Cloudflare IPO: A real tech giant in the making -- with a female co-founder

Cloudflare IPO puts the "tech" back into tech IPOs -- protecting the core of the Internet.
Written by Tom Foremski, Contributor

Cloudflare founders Matthew Prince (right), Lee Holloway and Michelle Zatlyn at the Crunchies Awards 2014  in San Francisco.

Tom Foremski

Cloudflare, the San Francisco based Internet infrastructure and security services startup, has filed an S-1 for an initial public offering on the New York Stock Exchange (NYSE) with the ticker symbol NET that could value it at more than $5 billion.

Cloudflare is rare for a tech company in that it has a female co-founder in a senior leadership position: Michelle Zatlyn, Chief Operating Officer, along with Matthew Prince, CEO and Lee Holloway founded the company in June 2009.

It has raised more than $320 million in six private rounds; the most recent was $150m in March 2019.

Cloudflare said it is not yet profitable but that its revenues have jumped substantially to nearly $193 million in 2018 from around $135 million in 2017. First half 2019 revenues were $129 million compared with $87 million in the first half of 2018. Cloudflare is on track for nearly $300 million in revenues this year.

Its losses have slowed as revenues have risen. Cloudflare had a net loss of nearly $37 million in the first half of 2019 compared with a loss of about $33 million in the same period a year ago.

Cloudflare handles traffic for more than 20 million web sites filtering out malware and speeding up access through 193 data centers around the world.

The company has attracted some negative publicity for having some client web sites that have been labeled extremist by critics. In some cases, Cloudflare has removed those controversial sites from its network.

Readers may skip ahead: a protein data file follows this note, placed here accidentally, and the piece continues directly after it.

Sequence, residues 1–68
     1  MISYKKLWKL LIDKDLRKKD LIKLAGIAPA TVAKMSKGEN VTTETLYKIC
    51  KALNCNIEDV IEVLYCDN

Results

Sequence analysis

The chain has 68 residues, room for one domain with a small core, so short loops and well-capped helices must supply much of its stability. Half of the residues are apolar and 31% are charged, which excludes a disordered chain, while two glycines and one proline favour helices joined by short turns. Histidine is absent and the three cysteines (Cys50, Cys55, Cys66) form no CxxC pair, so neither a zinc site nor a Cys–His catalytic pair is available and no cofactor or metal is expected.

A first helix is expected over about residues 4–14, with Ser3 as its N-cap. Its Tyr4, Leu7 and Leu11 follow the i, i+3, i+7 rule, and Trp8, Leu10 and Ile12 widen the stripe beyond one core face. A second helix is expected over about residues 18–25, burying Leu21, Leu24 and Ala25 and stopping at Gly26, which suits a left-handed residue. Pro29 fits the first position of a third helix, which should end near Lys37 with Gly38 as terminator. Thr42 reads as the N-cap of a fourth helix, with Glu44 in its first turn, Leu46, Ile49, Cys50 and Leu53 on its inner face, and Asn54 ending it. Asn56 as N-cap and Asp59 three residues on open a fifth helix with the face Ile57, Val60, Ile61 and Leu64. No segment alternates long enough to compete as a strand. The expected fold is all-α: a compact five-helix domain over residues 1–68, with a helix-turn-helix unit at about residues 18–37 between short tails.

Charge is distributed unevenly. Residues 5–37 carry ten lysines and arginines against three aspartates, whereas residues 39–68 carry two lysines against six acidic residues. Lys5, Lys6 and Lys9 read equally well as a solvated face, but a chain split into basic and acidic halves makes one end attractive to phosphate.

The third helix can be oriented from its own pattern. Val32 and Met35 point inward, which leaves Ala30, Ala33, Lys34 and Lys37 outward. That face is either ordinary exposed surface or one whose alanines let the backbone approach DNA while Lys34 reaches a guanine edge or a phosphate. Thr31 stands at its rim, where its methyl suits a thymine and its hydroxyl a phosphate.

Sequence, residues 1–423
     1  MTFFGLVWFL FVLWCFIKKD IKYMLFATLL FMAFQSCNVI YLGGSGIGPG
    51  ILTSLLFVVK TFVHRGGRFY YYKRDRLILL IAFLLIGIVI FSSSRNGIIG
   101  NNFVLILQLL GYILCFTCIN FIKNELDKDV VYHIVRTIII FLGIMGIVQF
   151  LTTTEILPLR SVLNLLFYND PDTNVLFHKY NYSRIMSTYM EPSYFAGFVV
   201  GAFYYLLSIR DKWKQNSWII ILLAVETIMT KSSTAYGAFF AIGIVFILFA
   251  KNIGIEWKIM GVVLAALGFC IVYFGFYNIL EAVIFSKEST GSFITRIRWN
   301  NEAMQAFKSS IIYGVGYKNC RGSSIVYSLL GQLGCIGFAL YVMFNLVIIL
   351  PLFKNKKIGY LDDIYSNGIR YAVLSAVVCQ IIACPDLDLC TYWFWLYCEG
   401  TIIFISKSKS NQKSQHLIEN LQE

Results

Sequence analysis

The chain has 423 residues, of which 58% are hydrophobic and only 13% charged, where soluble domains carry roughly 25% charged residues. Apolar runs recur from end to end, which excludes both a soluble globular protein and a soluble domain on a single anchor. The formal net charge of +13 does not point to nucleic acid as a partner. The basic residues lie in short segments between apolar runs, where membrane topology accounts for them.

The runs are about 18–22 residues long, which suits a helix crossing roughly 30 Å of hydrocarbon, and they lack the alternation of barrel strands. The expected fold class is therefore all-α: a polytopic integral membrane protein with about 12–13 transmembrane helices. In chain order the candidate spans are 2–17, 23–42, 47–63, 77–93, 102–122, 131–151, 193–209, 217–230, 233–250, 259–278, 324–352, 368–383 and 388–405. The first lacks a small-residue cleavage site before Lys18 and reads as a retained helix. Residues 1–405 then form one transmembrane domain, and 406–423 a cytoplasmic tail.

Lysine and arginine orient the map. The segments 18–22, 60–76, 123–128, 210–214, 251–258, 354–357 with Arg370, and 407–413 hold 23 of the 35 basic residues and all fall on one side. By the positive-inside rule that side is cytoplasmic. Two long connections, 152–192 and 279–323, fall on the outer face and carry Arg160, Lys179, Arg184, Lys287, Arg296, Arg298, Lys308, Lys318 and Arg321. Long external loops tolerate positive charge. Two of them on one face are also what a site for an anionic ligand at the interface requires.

Foremski's Take

Cloudflare's successful IPO would create one of San Francisco's fastest-growing tech companies and bring back "tech" to tech IPOs which have been dominated by ride-hailing services Uber and Lyft, and office space renting such as WeWork -- tech users rather than tech companies.

Cloudflare is a real tech company dealing with core technology infrastructure issues. Its workaround DNS, for example, is critical to every Internet user because it protects the hyperlink from abuse and malware.

It does a lot to support non-profits, media organizations, and small businesses through free or very low-cost services that protect against denial of service attacks and improve web site performance. 

It has also launched a free VPN service alongside free DNS services, and it recently became a domain name registrar, providing registration services at cost. 

It's been hugely innovative in many other areas of essential Internet infrastructure. And it works for its users -- it is not selling them out at every opportunity as Google and other large platforms with tracking software.

Cloudflare sincerely wants to make the Internet a better place, and its leadership is a keen promoter of women in tech and the value of diversity. The IPO will propel co-founder and COO Michelle Zatlyn into a prominent position on subjects of diversity and a prime example of female success in a male-dominated industry.

There aren't many startups like Cloudflare that have the opportunity to stay independent. We are unlikely to see many or any large tech companies created by Silicon Valley over the coming years because startups don't have the scale to compete with the large tech companies. They are acquired if they are lucky. 

Cloudflare has a chance to become one of the most important tech companies in the next decade.  

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